Thanks to an ex­clu­sive im­age pro­ces­sor de­vel­oped to­gether with Qual­comm, Sony prom­ise that the cam­era in the XZ2 will have re­duced noise, bet­ter colour re­pro­duc­tion, and im­proved con­trast when com­pared to the XZ1 – de­spite us­ing the same 19Mp sin­gle lens cam­era hard­ware.

Per­haps more im­por­tantly, this is also the first smart­phone from any man­u­fac­turer ca­pa­ble of

record­ing 4K HDR video footage, while the 960fps su­per slow mo­tion that Sony pi­o­neered will now be avail­able up to 1080p, com­pared to the pre­vi­ous cap of 720p. The changes aren’t just about cre­at­ing con­tent though, there are also im­prove­ments to con­sum­ing it. Sony has bor­rowed HDR up­scal­ing tech from its Bravia TVs, so that the XZ2 can take any video con­tent – ei­ther lo­cal to the de­vice or streamed – and up­grade it to HDR as you’re watch­ing it, with re­sults that at least seemed im­pres­sive in our brief demo.

Then there’s the new Dy­namic Vi­bra­tion Sys­tem, bor­rowed from the PS4’s DualShock 4 con­trollers, which analy­ses au­dio from mu­sic, video, or games and vi­brates the phone to match the au­dio. It’s a bit of a gim­mick, but could be a fun ad­di­tion to games and movies, and for­tu­nately you can en­able and dis­able it by in­di­vid­ual apps.

For those who use their phone out loud, the front­fac­ing speak­ers are now 20 per­cent louder, with a slightly im­proved fre­quency range to match – and there’s still sup­port for high res­o­lu­tion au­dio. Our first im­pres­sion was that the phone sounded im­pres­sive, though it’s un­likely to be a pri­or­ity for many.

Else­where you get wire­less charg­ing through the Qi stan­dard, a 3,190mAh bat­tery, and Sony’s oh-sogim­micky 3D scan­ning tech has been added to the selfie cam­era, so you don’t even need a friend to help you use it any more.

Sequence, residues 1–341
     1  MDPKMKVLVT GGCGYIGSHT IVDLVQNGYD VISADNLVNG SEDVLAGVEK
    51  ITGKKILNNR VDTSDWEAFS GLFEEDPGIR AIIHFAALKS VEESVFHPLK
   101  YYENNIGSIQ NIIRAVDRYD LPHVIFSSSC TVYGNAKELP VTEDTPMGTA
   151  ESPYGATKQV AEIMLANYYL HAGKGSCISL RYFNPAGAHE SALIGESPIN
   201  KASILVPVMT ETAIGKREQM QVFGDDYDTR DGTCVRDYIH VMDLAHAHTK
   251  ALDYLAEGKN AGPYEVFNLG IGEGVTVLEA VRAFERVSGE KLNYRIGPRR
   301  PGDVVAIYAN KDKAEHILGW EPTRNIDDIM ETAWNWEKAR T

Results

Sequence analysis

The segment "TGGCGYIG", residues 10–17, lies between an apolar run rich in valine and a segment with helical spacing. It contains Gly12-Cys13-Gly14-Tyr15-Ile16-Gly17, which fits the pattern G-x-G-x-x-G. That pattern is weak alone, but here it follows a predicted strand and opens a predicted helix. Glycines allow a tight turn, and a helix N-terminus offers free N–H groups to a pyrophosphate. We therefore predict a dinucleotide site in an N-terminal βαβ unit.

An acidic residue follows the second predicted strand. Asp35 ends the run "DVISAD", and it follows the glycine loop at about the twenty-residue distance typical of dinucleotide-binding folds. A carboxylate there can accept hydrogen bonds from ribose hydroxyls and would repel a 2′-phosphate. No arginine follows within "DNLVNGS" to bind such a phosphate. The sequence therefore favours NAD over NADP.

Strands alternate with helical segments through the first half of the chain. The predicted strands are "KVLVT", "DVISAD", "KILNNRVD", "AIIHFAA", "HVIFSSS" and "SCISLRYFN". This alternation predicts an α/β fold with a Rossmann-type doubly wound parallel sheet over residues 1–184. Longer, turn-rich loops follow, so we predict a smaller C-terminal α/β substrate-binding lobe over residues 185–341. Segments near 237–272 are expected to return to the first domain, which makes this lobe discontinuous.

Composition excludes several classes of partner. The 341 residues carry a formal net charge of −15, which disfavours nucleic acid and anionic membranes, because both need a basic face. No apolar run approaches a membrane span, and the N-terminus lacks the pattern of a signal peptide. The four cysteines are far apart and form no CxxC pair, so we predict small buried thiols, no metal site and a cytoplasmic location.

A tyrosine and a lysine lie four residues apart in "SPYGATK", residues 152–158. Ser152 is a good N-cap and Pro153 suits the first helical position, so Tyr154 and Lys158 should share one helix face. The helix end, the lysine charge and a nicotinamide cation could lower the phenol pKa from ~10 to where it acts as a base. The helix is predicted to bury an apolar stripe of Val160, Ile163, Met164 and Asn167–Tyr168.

We ex­pect the Xpe­ria XZ2 to ship with An­droid Oreo – af­ter all, the XZ1 was the first non-Google phone to

pack that op­er­at­ing sys­tem ver­sion – with Sony’s usual min­i­mal tweaks.

The big­gest change is the Xpe­ria As­sist soft­ware, de­signed to help users make the most of the phone’s var­i­ous fea­tures. It will pop up the first time you open a rel­e­vant app to ex­plain any fea­tures you might be able to take ad­van­tage of – like the HDR up­scal­ing, or dy­namic vi­bra­tion – and uses a chat­bot in­ter­face to ex­plain how ev­ery­thing works.


We’re look­ing for­ward to test­ing the XZ2 more thor­oughly for our full re­view, but right now our feel­ings are mixed. The in­ter­nal hard­ware is top of the line, but even af­ter a re­vamp Sony’s de­sign still feels dated, and the in­sis­tence on a sin­gle-lens cam­era is puz­zling in a flag­ship de­vice. Do­minic Pre­ston


• 5.6in (2160x1080, 424ppi) IPS LCD ca­pac­i­tive dis­play • An­droid 8.0 Oreo • Qual­comm MSM8998 Snap­dragon 845 pro­ces­sor • Octa-core 4x 2.7GHz Kryo 385 Gold and 4x 1.7GHz

Kryo 385 Sil­ver CPU • Adreno 630 GPU • 6GB RAM • 64GB stor­age, mi­croSD up to 400GB • Fin­ger­print scan­ner • 19Mp rear-fac­ing cam­era: f/2.0, 25mm, 1/2.3in, 1.22μm, gyro EIS, pre­dic­tive phase de­tec­tion and laser aut­o­fo­cus, LED flash • 5Mp front-fac­ing cam­era: f/2.2, 1/5in, gyro EIS, 1080p

• 802.11ac Wi-Fi • Blue­tooth 5.0 • A-GPS, GLONASS, BDS, GALILEO • Mi­cro-USB 3.1 Type-C • Non-re­mov­able lithium-ion 3,180mAh bat­tery • 153x72x11.1mm • 198g

Gone are the gi­ant bezels that sat above and be­low the XZ1’s dis­play

The XZ2 can take any video con­tent and up­grade it to HDR

Newspapers in English

Newspapers from UK

© PressReader. All rights reserved.